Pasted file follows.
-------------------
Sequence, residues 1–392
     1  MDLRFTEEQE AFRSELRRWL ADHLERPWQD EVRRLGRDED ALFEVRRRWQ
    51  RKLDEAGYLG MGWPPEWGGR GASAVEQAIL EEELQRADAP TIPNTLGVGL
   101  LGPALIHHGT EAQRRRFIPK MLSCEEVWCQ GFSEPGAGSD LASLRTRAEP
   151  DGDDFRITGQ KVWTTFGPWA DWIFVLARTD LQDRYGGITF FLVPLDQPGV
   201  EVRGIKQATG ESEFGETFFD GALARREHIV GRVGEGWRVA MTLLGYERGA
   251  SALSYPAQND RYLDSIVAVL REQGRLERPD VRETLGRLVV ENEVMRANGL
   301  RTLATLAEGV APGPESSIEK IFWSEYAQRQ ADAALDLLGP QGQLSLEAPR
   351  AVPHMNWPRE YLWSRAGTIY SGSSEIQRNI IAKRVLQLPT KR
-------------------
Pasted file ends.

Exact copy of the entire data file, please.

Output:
Sequence, residues 1–392
     1  MDLRFTEEQE AFRSELRRWL ADHLERPWQD EVRRLGRDED ALFEVRRRWQ
    51  RKLDEAGYLG MGWPPEWGGR GASAVEQAIL EEELQRADAP TIPNTLGVGL
   101  LGPALIHHGT EAQRRRFIPK MLSCEEVWCQ GFSEPGAGSD LASLRTRAEP
   151  DGDDFRITGQ KVWTTFGPWA DWIFVLARTD LQDRYGGITF FLVPLDQPGV
   201  EVRGIKQATG ESEFGETFFD GALARREHIV GRVGEGWRVA MTLLGYERGA
   251  SALSYPAQND RYLDSIVAVL REQGRLERPD VRETLGRLVV ENEVMRANGL
   301  RTLATLAEGV APGPESSIEK IFWSEYAQRQ ADAALDLLGP QGQLSLEAPR
   351  AVPHMNWPRE YLWSRAGTIY SGSSEIQRNI IAKRVLQLPT KR